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Rabbi's Blog: The Rise of Antisemitism - April 2024

“People love dead Jews.  Living Jews, not so much.”  So says Dara Horn, author and professor. She wrote those words before October 7th.  Antisemitism has been on the rise for years now.  Before October 7th, there was Kanye West, Marjorie Taylor Greene, and Charlottesville.  And antisemitism on the news isn’t always the antisemitism that was felt by individuals – there were neo-Nazi flyers distributed to neighborhoods in and around Roswell.  There were neo-Nazis demonstrating outside of Chabad of East Cobb and a Reform synagogue in Macon last year. 


Since October 7th, antisemitism has skyrocketed.  Our members – particularly kids in middle and high school – report experiencing it either in school or online.  TKC, like hundreds of other synagogues, received a bomb threat a few months ago.  Professor Eitan Hirsch of Tufts University conducts an annual survey measuring antisemitism on college campuses.  According to his research, in 2022 about 15-20% of Jews hid their identities on campus.  In 2024, it doubled from that already high number.  He said, “[Antisemitism is] quite widespread.  You can’t get a result like this if the phenomenon was affecting just the 10 kids on campus who are the gung-ho Israel advocates…a high number of them are experiencing the social tension...I don’t think anyone believes that a new statement from a university president or a new program from Hillel will address the problem once and for all.  The problem is what is socially acceptable or not acceptable, what is praised and not praised, at a social level.” 


Personally, I’m shocked although, perhaps I shouldn’t be.  I grew up at a time when antisemitism was perhaps at an all-time low.  Antisemitism was a subject for historians, not experienced by many American Jews.  But antisemitism is the world’s oldest hatred and it never goes away for long.  Jews sacrificed their lives for Germany in World War I only to be butchered by that same country during World War II.  The Golden Age of Spanish Jewry didn’t mean the Age without Jew-Hatred.  Even at the height of that Golden Age, Jews were victims of pogroms such as the Granada massacre of 1066 when a Muslim mob killed approximately 4,000 Jews.  Yet, comparatively, Jews were even worse off most of the time in Christian Europe. 


America is supposed to be different, though.  George Washington famously wrote to the Jewish community of Newport, Rhode Island that, “It is now no more that toleration is spoken of, as if it was by the indulgence of one class of people, that another enjoyed the exercise of their inherent natural rights…May the Children of the Stock of Abraham, who dwell in this land, continue to merit and enjoy the good will of the other Inhabitants while every one shall sit in safety under his own vine and figtree, and there shall be none to make him afraid.”  Of course, America hasn’t always been perfect, even for Jews.  Even into the twentieth century, American Jews faced quotas at universities, xenophobic bigotry from the likes of Father Coughlin, and more.  Yet, for most Jews, America as a place where Jews don’t feel safe as Jews seems unheard of.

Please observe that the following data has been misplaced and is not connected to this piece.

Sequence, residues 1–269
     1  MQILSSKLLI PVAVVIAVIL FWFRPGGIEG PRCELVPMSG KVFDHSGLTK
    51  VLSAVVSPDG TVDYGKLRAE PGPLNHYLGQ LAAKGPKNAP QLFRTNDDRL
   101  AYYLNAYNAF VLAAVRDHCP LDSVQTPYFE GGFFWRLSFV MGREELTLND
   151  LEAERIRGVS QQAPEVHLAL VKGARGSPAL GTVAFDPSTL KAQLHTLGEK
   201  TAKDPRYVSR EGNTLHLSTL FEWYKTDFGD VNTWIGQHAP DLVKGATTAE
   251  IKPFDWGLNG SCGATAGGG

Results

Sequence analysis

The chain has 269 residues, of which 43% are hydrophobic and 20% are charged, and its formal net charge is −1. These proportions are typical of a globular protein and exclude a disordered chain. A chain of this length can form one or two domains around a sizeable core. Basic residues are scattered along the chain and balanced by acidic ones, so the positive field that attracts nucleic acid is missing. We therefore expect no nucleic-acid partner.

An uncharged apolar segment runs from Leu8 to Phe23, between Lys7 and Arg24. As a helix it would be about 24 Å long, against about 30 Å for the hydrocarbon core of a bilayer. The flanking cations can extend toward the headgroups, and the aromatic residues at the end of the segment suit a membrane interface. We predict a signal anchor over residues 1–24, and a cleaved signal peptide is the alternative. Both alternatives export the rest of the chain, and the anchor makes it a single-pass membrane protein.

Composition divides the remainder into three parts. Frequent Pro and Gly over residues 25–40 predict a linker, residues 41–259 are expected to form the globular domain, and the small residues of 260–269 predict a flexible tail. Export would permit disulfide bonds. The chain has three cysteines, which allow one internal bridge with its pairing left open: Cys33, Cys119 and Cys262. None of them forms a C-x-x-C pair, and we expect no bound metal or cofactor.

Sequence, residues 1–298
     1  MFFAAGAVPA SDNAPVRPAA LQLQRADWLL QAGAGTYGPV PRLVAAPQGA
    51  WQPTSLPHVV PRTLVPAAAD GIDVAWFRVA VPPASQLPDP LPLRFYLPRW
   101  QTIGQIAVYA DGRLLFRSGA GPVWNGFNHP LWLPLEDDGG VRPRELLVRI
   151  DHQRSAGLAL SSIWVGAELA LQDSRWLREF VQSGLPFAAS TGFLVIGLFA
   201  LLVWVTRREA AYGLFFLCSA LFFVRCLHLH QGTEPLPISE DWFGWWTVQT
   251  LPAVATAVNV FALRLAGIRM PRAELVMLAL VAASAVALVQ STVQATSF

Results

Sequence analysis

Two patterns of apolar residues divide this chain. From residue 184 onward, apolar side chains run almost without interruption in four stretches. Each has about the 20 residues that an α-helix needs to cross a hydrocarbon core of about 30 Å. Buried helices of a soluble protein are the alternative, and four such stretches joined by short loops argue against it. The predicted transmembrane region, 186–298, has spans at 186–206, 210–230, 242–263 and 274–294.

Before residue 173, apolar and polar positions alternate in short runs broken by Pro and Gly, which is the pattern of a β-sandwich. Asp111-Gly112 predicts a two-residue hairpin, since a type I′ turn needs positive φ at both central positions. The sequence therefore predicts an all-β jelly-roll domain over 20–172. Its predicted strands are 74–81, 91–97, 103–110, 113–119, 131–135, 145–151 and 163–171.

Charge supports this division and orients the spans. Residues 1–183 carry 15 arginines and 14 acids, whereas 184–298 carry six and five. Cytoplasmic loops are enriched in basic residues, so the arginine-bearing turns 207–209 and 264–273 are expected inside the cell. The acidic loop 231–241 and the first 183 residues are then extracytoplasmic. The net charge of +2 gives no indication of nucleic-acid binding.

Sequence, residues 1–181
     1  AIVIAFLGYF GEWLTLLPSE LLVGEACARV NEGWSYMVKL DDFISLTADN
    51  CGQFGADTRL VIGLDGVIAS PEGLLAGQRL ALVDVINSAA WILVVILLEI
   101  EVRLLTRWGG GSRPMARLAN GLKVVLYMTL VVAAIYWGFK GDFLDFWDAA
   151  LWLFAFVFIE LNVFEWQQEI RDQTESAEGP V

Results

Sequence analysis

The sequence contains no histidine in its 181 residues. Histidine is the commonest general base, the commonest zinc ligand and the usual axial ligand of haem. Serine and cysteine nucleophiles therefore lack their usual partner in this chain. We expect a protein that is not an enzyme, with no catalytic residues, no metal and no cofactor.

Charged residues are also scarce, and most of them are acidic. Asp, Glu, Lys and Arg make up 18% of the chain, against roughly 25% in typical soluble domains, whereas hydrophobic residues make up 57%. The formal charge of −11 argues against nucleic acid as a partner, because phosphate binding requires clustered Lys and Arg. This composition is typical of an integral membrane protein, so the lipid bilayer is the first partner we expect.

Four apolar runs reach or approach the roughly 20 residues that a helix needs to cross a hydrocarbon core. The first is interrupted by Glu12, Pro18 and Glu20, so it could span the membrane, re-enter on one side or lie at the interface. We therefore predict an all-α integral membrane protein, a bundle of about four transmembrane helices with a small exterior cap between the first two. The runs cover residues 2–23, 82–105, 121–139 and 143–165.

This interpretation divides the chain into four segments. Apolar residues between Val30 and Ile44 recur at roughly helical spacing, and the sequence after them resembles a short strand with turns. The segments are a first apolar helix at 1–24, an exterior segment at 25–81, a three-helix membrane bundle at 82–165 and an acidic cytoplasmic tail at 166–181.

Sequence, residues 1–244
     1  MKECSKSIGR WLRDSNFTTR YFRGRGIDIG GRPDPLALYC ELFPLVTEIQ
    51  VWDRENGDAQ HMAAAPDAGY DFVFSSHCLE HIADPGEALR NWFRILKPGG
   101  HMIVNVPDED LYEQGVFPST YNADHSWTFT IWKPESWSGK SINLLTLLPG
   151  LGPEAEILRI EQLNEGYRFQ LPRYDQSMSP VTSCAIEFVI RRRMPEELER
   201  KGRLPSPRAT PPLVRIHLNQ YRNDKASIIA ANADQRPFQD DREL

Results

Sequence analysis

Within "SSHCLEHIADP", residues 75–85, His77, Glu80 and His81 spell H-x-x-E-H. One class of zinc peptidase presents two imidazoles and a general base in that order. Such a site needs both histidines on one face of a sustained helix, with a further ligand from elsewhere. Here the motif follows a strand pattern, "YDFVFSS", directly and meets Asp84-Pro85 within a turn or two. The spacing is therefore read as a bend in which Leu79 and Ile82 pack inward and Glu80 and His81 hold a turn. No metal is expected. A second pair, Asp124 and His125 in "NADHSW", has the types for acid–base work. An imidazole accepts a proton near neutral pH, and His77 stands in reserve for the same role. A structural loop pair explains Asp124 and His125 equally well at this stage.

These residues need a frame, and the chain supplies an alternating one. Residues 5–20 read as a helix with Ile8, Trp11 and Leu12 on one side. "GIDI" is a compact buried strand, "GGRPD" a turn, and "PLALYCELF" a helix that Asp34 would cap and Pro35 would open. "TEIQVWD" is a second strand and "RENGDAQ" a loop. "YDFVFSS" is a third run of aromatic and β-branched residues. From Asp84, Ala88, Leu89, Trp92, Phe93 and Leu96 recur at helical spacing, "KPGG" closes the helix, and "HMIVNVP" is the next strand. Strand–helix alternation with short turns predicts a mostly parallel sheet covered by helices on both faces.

So is there hope?  Of course.  Antisemitism waxes and wanes over time.  I hope that we’re at the worst of it now, but there will come a time when it lessens.  Moreover, while we are experiencing more antisemitism now, that doesn’t mean that everyone is an antisemite.  We know this isn’t true from our own experiences.  The very next Shabbat after TKC was received a bomb threat, our building was full with visitors and friends who wanted to show their support.  Christian clergy and their congregants, city councilmembers and the mayor, police officers and firefighters – the message was loud and clear – The Jewish community of Roswell is a welcome part of the whole community of Roswell.  And one final silver lining – Jews are finding solace within the Jewish community.  Synagogues and Jewish institutions everywhere – us included – are seeing greater attendance and participation.  I agree with those who say that it’s better to come together for joy rather than oy, but we’re here for all occasions.  It’s important to me that we support anyone and everyone impacted by the rise in antisemitism, and may the future hold much more joy and much less oy!


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